Important Information about the KISS ISM Program: Recent press articles (late 2017) appear to have included erroneous information about a Keck Institute (KISS) study. KISS has not produced a study about using SpaceX's BFR to get to 'Oumuamua. KISS did convene a program to study possibilities for future missions to reach the interstellar medium outside the solar system, but that study took place before the discovery of 'Oumuamua and is not applicable to that object.
Recent discoveries reported in 2012 and 2013 by Voyager-1 and Kepler have brought into focus two end-points of what is now commonly referred to as the Interstellar Medium (ISM). Whereas Voyager-1 is beginning to explore the ISM in-situ, the Kepler space-based telescope and other Earth-based telescopes have detected a plethora of potentially Earth-like planetary systems around other stars or "exoplanets". The results of these two missions frame the context for further intellectual curiosity, scientific questions, and exploration goals that will define objectives for innovative and far-reaching missions heading out of our solar system and someday reaching for the stars.
The goals of the workshop are to:
- articulate key scientific questions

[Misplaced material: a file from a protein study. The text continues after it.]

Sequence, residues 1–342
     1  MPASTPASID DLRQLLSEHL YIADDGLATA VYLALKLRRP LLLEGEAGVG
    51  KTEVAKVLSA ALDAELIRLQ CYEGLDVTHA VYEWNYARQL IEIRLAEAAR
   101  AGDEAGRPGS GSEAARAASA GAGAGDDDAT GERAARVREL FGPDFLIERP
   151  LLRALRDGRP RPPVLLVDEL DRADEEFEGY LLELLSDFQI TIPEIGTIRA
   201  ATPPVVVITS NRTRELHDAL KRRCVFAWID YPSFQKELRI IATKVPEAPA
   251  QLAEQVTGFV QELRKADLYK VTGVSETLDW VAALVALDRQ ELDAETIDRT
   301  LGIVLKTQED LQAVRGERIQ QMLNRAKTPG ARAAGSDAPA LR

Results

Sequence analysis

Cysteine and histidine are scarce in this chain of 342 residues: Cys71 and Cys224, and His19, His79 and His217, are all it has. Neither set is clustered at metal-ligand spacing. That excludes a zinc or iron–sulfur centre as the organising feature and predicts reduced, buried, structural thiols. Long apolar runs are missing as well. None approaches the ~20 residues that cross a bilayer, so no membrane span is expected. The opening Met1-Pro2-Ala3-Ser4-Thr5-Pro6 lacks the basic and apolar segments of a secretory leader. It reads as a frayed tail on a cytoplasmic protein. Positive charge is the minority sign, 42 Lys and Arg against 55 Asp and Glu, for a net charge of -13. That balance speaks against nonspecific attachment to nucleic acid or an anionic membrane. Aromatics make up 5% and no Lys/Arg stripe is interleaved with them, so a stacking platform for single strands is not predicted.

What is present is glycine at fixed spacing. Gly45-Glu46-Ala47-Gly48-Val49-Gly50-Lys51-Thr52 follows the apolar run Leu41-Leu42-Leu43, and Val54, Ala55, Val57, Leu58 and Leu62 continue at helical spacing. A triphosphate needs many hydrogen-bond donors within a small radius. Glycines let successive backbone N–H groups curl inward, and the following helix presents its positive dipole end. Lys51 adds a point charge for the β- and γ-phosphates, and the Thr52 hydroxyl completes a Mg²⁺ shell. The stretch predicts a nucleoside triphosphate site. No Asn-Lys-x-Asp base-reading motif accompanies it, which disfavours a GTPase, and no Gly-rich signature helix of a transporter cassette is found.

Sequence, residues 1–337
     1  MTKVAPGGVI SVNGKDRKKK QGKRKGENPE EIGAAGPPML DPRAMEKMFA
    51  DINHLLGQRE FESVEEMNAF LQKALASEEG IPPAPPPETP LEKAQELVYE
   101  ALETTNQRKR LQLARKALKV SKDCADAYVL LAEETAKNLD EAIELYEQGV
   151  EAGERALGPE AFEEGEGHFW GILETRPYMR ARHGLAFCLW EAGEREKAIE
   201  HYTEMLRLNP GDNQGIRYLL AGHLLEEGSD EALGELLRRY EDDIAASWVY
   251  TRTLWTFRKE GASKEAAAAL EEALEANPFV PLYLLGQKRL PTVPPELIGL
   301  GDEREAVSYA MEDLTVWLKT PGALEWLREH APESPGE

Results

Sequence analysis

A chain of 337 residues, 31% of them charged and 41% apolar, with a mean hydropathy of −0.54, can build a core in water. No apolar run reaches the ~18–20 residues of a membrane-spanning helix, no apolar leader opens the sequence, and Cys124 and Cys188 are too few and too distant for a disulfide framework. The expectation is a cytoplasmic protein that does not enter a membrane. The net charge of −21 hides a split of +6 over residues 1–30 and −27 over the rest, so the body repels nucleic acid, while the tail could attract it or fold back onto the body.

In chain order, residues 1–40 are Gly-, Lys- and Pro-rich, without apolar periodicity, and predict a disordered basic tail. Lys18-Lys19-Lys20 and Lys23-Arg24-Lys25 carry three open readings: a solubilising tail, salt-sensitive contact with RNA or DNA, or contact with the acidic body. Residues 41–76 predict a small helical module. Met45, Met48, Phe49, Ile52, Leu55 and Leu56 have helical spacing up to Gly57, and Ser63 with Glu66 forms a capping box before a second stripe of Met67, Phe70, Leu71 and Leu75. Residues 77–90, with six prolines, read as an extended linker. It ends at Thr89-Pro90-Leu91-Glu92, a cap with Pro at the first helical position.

- identify near-term science exploration goals
- derive mission objectives and preliminary design concepts that can be realized in the next two decades
- derive flight system and science measurement requirement
- assess key mission, system, and operations technology drivers
- develop a technology maturation plan that will be proposed to KISS and JPL for follow-on funding.
The technical challenge and the focus of the workshop is to assess mission implementation techniques that will enable affordable robotic probes to reach the ISM within 10 years with velocities up to 10 times faster than Voyager, and be designed to last 50 years or longer. By comparison, Voyager-1 is now traveling at a speed of 17 km/sec, and has taken 35 years to reach the ISM. Meeting this challenge would constitute a revolutionary capability that would enable multiple scientific probes to launch and return initial scientific results of and from the ISM within a decade, and continue for several decades.